Impact of New TLDs on Trademarks

Published on 7/29/2013

Beginning in just a few months, Internet real estate is going to expand from the relatively small universe of 270+ generic and country-code top level domain name extensions to literally hundreds of new gTLDs.

Within this new universe, we understand that some companies are worried about the increased expenses that may be required to protect their trademarks and copyrights online.

To help trademark owners learn about preventative measures  to protect their intellectual property rights when new TLDs go live, we reached out to domain industry legal veteran Statton Hammock, VP of Business & Legal Affairs at United TLD and member of leading organizations such as CSIP and the Domain Name Association.

United TLD is one of the new TLD registries introducing domain registration blocking services designed specifically for trademark owners.

Here is what Mr. Hammock had to say about new TLDs and protecting trademarks during the domain name expansion:

“It’s reasonable for many of these companies to fear that new gTLDs will greatly increase their expenses,” said Mr. Hammock, “however, given the robust rights  protection mechanisms required by ICANN for all new registry operators,  trademark owners  will have  far more  tools  at their disposal to fight  infringers than they ever had for .COM or .NET or other previous TLDs. Additionally, some new registries are introducing additional measures on top of ICANN's mandatory requirements.”

“It’s an exciting time for the domain name industry and for consumers who have sought more choice and competition in the Internet name space.  However, protection of intellectual property rights is paramount  to the new gTLD program, so if you are  brand owner, you should take full advantage of these new rights protection mechanisms.”

Below is a detailed summary of both ICANN's mandatory requirements and some of the measures we'll see registries implement to help protect intellectual property in the expanding domain name space.

New ICANN Requirements and Policies  

All new gTLD registries must follow the policies set in the Registry Agreement before they can begin operations. This agreement contains several rights protection requirements including:

  1. Use of a Trademark Clearinghouse (TMCH) – a central repository of verified trademark rights information that’s shared between registries. With the TMCH, trademark holders only have to apply once to be able to protect their trademarks across all gTLDs.

  2. A 30-day Sunrise Period where trademark holders have an opportunity to reserve domain names containing their trademarks prior to general availability. A Trademark Claims Service will also be available to trademark holders for the first 90 days of general registration.

  3. Compliance with several dispute resolution mechanisms including the existing UDRP system. New procedures include “PDDRP”, “RRDRP,” and  “PIC DRP” and a rapid suspension system called “URS." Check out the glossary to learn more about these systems.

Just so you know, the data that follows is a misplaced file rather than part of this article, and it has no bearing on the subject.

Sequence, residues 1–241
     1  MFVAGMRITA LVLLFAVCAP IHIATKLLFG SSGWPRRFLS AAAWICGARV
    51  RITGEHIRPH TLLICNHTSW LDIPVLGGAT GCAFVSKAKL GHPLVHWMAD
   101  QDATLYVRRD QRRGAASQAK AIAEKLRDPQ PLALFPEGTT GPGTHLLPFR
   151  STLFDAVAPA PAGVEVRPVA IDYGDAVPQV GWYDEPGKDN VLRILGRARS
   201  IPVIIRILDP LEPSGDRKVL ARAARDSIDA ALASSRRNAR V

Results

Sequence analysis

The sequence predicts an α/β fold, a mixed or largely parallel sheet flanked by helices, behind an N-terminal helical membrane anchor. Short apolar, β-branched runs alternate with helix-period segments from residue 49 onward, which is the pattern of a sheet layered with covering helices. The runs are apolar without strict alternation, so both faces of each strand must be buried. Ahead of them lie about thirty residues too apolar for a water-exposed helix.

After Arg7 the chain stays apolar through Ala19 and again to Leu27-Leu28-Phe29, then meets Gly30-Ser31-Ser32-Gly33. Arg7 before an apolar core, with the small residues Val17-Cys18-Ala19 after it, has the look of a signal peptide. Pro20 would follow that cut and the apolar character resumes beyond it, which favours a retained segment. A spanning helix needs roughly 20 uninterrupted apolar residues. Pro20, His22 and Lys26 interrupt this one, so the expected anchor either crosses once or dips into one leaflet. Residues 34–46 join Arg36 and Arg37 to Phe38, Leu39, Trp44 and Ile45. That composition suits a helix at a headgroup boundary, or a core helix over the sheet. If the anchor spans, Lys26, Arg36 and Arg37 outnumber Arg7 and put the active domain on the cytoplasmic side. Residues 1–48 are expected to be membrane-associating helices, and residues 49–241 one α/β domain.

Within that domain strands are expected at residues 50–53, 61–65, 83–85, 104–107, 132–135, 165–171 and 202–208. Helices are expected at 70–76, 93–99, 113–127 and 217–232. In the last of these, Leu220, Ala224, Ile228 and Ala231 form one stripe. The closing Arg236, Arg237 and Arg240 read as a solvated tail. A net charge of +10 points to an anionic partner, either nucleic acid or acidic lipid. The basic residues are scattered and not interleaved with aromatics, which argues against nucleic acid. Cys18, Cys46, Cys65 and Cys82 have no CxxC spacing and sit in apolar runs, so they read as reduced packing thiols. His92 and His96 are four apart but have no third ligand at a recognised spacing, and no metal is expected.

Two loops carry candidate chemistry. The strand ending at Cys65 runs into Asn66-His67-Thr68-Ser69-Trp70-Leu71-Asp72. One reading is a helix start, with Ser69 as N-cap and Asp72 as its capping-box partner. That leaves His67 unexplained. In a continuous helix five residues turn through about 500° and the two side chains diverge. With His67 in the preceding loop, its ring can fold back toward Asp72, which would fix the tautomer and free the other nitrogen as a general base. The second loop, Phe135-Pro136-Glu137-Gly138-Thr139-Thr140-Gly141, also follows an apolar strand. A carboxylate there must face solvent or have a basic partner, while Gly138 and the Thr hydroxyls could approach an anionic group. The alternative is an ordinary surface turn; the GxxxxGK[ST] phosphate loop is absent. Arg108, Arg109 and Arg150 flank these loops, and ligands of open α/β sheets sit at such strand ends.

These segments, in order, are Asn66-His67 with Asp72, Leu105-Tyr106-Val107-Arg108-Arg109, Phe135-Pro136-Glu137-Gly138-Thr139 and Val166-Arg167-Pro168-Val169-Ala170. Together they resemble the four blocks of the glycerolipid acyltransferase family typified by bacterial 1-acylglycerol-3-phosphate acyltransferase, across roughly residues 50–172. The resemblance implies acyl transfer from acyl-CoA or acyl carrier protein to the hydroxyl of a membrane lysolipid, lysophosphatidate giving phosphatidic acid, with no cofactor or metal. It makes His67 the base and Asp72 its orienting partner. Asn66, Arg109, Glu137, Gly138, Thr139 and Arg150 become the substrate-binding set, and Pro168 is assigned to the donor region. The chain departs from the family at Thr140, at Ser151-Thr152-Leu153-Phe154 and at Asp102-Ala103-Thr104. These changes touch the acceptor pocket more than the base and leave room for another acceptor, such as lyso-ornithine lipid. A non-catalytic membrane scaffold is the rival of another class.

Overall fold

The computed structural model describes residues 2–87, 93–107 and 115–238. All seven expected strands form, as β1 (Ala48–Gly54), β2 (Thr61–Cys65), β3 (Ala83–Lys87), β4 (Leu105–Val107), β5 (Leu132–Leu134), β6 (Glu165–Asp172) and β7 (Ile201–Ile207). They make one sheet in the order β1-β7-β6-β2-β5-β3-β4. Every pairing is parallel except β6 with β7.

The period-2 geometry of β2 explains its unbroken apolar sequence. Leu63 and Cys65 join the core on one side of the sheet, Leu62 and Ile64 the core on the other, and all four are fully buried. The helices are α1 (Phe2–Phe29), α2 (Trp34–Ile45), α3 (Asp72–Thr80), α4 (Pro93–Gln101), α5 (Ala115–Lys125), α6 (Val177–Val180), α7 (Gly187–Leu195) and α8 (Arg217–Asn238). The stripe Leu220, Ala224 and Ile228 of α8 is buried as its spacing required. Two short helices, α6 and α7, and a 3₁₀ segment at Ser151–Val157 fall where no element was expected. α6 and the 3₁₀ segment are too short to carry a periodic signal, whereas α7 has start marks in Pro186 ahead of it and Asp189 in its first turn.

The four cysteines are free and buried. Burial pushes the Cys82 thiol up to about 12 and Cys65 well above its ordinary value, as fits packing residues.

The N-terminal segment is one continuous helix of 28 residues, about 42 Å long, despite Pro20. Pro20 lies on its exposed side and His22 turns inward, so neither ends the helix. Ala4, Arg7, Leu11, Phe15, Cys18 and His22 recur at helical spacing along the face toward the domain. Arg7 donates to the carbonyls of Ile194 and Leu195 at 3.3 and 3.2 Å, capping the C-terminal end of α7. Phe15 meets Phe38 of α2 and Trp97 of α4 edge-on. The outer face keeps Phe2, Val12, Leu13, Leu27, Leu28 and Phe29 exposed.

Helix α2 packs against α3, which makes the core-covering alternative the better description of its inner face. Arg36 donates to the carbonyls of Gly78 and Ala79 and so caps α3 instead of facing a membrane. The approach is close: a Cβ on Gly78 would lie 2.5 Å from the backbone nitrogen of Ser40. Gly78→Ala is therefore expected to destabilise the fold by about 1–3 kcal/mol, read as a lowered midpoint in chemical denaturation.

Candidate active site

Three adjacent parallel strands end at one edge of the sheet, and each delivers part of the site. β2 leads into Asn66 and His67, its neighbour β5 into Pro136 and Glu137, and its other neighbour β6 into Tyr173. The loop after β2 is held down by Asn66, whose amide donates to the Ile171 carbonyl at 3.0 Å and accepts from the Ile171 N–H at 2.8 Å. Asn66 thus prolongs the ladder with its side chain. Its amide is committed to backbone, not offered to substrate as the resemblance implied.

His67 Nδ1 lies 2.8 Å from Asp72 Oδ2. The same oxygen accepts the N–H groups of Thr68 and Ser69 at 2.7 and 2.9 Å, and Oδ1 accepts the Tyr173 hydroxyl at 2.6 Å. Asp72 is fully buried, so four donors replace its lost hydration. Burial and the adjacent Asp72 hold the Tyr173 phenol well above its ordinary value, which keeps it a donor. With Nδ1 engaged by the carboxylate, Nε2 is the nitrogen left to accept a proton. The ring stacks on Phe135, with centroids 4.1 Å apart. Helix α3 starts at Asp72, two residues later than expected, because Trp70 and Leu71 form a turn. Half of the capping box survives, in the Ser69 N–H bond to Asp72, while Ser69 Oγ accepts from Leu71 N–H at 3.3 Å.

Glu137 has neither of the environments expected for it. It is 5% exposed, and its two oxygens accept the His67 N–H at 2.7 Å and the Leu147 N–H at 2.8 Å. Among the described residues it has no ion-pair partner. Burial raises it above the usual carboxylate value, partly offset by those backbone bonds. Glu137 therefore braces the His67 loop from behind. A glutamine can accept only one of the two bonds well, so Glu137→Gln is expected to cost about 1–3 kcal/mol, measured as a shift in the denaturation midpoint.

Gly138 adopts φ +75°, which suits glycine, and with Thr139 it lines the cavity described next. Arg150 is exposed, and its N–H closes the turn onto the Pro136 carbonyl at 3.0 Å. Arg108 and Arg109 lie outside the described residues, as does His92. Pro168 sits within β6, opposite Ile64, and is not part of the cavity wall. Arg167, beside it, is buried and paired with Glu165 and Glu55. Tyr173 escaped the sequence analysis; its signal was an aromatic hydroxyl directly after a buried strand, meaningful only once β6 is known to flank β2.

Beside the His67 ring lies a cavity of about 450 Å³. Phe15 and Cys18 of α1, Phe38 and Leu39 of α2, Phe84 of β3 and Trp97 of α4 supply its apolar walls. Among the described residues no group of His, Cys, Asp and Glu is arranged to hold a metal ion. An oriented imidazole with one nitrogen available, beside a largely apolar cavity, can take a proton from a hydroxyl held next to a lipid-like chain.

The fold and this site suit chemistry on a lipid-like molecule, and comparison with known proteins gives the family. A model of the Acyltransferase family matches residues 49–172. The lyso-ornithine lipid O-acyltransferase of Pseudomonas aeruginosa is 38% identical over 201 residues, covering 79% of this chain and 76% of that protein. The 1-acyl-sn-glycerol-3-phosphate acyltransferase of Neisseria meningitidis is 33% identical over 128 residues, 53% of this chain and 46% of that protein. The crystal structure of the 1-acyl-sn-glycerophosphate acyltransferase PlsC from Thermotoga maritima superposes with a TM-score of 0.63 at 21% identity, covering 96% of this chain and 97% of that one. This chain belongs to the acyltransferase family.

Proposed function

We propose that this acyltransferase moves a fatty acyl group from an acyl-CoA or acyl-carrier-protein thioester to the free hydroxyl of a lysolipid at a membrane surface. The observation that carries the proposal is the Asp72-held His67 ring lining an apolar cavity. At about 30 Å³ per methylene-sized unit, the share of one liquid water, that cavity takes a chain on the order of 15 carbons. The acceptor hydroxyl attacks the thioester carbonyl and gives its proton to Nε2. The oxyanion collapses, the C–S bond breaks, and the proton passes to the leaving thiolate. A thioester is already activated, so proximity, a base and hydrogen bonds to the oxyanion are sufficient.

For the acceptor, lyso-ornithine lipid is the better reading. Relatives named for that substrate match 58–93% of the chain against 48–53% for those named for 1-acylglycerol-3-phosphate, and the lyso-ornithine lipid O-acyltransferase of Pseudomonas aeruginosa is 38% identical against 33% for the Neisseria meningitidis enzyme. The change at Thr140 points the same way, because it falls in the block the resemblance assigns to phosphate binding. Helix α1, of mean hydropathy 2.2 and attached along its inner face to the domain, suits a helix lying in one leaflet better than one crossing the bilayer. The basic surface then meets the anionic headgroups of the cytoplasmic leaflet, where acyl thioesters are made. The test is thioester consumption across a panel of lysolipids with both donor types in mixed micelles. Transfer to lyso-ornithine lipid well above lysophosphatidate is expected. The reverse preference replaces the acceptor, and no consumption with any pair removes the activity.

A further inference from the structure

Additional Registry Operator Initiated Rights Protection Mechanisms (RPMs)

In addition to ICANN’s mandated requirements, new registries like United TLD are building on those standards  independently to further enhance rights protection.  Here are some examples:

  • Periodic audit of Whois data to identify erroneous contact information and to frequently prompt registrants to maintain accurate registration data.

  • Remediation of inaccurate Whois data, including suspending a domain name.

  • A new Domain Protected Marks List (DPML) that will allow trademark holders to block others from registering domains containing their trademarks.

  • A new “Claims Plus” service for trademark protection. Claims Plus extends ICANN’s trademark claims service for an extended period as determined by the trademark holder.

In addition to these measures, registries like United TLD will have rigorous Terms of Use that will prohibit illegal or abusive activity as well as limitations on domain name proxy and privacy services.

Here are a few simple recommendations from United TLD’s Statton Hammock to help brand owners protect their marks:

  1. Have legal counsel audit trademark portfolios and determine which valued trademarks should be registered in the TMCH then register these marks.

    1. Four types of marks are eligible for inclusion in the TMCH:

      1. Nationally or regionally registered word marks from all jurisdictions

      2. Word marks that have been validated through a court of law or other judicial proceeding

      3. Word marks protected by a statute or treaty in effect at the time the mark is submitted to the TMCH for inclusion

      4. Other marks that constitute intellectual property may be recorded in the TMCH by arrangement with a registry.

  2. Monitor announcements for Sunrise Periods and encourage client to participate in Sunrise Periods for new gTLDs that may be relevant to the client’s business.  Editor’s Note: eNom provides a free Watchlist tool to monitor TLDs

  3. Prepare to receive and monitor any Trademarks Claims Notices issued and be prepared to determine whether actions needs to be taken against any registrant

  4. Consider purchasing addition RPM-related services such as DPML from registries offering such services

  5. Invoke the URS for egregious cybersquatting cases; its quicker and cheaper than UDRP

  6. Monitor ICANN policy developments or ask an domain industry expert

  7. Reach out to registrars and registries directly through their published “Abuse Contact” to report abuse related to trademark or copyright infringement illegal activity.

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